No. 9 of #50cases.
“Don’t do the crime if you can’t do the time.” We’ve all heard this muttered by a bad-talking TV cop slapping handcuffs on a villain. There’s a point to the phrase. Punishment makes sure that justice is done. And justice must be done. It is the foundation for any healthy society. So should this affect our right to vote?
The Human Rights Court ruled that justice does not require a blanket ban to stops all prisoners from voting. The Court’s judgment was based on a case brought to it by John Hirst, who had been convicted of manslaughter. He claimed that he was denied his right to regular, free and fair elections because he was not allowed to vote.
The case should have had a significant effect on many prisoners, not just Mr. Hirst. The judges accepted that the right to vote did not need to be given to every prisoner. But they also argued that a blanket ban could not be justified for two reasons. Firstly, voting is a right and not a privilege: it is something we are all automatically entitled to just by being citizens, not something that needs to be earned by good behaviour. The government was therefore wrong to say that people who have behaved badly can automatically be stopped from voting.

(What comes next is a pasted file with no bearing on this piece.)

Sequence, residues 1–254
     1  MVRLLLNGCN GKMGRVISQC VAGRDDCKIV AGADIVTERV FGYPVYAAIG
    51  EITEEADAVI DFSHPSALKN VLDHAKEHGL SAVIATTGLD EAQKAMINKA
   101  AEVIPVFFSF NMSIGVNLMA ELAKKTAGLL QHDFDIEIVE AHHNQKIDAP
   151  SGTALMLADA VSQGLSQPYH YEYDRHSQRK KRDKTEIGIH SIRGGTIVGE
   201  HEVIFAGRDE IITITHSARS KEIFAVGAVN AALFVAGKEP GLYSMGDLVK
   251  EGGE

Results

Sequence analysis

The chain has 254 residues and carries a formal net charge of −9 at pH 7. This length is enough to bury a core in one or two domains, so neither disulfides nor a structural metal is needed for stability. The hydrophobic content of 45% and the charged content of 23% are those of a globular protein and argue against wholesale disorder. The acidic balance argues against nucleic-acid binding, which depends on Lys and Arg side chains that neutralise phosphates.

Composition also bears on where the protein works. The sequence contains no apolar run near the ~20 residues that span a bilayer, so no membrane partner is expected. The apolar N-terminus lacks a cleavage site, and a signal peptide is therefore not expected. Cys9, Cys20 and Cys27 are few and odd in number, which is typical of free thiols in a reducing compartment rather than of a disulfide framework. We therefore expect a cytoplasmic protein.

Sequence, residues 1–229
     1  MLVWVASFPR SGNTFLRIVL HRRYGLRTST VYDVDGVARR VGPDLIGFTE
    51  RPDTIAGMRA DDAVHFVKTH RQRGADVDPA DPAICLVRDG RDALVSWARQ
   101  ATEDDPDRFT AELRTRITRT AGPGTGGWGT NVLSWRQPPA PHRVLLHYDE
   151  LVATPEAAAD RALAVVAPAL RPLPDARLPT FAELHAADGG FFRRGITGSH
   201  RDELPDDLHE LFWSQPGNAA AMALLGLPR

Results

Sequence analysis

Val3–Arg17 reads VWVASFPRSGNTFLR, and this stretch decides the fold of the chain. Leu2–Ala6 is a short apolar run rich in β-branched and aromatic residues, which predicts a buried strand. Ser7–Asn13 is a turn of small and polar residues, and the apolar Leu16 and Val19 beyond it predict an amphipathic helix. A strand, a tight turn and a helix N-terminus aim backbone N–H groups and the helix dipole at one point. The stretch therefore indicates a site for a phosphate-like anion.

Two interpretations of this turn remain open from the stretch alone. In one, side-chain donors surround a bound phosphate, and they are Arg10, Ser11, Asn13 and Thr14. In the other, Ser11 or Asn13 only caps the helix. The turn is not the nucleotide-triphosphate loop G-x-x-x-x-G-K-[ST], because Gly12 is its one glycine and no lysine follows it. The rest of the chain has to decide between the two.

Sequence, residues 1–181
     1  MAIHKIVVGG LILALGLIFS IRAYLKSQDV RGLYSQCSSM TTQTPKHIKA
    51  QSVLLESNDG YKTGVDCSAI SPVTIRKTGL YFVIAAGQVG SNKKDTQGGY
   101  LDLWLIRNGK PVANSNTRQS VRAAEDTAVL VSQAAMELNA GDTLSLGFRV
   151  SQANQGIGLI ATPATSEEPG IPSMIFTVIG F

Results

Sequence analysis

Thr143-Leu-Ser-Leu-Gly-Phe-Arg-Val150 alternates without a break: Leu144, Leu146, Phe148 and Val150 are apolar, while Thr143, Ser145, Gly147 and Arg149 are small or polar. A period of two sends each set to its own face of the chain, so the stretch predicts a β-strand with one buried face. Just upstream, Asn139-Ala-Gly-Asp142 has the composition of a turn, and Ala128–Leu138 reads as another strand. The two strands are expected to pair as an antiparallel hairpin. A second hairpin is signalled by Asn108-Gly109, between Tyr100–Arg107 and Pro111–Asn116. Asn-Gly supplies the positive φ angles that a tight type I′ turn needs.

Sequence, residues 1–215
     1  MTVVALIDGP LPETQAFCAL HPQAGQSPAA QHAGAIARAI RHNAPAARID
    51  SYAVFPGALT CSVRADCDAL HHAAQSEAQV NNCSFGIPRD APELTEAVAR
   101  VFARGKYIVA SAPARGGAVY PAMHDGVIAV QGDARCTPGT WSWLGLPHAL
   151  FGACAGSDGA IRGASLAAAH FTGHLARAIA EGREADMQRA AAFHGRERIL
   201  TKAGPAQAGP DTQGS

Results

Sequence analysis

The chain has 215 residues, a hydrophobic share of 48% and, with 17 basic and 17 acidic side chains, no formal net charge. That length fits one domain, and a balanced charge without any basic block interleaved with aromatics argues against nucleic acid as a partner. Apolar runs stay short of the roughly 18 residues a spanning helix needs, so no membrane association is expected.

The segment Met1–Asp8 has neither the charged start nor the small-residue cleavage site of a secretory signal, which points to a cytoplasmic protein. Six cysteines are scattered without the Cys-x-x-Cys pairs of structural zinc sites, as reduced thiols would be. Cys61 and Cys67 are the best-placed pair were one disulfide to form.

Secondly, a blanket ban does not distinguish between different prisoners, who have committed different crimes. The punishment is meant to fit the crime. We even have different types of prisons for different types of offences. So why should all prisoners be subject to the exact same extra punishment?
This case is probably more famous for the anger it caused in the UK than the outcome. Controversy has meant that, now ten years after the original judgment, it has still not been implemented. It may be that this judgment, which probably only requires that a few thousand of the UK’s eighty-thousand prisoners get to vote, leads to the UK leaving the Human Rights Convention. Ultimately, it might seem the Court was going too easy on prisoners by getting rid of the total voting ban. But they’re still being punished: in all the months and years of missed moments and memories. They’re still doing their time.